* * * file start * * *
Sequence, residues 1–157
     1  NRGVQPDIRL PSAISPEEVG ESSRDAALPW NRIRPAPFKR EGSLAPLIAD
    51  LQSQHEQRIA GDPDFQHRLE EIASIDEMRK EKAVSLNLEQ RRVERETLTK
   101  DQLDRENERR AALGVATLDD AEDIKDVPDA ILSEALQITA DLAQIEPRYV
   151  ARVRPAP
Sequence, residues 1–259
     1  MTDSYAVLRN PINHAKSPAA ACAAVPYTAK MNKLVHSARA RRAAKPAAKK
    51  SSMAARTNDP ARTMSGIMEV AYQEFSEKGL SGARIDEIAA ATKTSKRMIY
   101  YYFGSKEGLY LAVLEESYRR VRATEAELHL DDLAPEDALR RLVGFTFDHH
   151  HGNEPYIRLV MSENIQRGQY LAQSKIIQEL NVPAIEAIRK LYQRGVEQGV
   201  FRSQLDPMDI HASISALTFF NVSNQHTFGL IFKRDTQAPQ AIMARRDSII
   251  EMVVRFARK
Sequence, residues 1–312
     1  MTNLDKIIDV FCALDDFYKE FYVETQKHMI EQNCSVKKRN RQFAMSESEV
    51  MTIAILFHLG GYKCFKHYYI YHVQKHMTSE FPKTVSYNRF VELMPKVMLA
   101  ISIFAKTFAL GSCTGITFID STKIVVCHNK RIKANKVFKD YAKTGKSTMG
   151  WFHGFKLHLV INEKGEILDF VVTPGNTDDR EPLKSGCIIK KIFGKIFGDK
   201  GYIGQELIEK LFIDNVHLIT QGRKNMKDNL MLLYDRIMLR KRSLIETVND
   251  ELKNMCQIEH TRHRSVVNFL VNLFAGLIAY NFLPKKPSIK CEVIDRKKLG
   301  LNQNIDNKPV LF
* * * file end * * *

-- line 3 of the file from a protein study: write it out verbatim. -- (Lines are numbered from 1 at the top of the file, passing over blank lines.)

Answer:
    51  LQSQHEQRIA GDPDFQHRLE EIASIDEMRK EKAVSLNLEQ RRVERETLTK